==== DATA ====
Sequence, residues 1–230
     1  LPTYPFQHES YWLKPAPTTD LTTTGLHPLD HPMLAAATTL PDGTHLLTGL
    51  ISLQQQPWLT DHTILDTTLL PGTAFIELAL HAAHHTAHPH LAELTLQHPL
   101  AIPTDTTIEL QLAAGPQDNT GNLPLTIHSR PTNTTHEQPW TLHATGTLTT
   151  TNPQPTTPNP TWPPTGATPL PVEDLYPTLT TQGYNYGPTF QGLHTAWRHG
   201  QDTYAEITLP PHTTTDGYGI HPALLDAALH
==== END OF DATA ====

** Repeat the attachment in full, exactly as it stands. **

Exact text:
Sequence, residues 1–230
     1  LPTYPFQHES YWLKPAPTTD LTTTGLHPLD HPMLAAATTL PDGTHLLTGL
    51  ISLQQQPWLT DHTILDTTLL PGTAFIELAL HAAHHTAHPH LAELTLQHPL
   101  AIPTDTTIEL QLAAGPQDNT GNLPLTIHSR PTNTTHEQPW TLHATGTLTT
   151  TNPQPTTPNP TWPPTGATPL PVEDLYPTLT TQGYNYGPTF QGLHTAWRHG
   201  QDTYAEITLP PHTTTDGYGI HPALLDAALH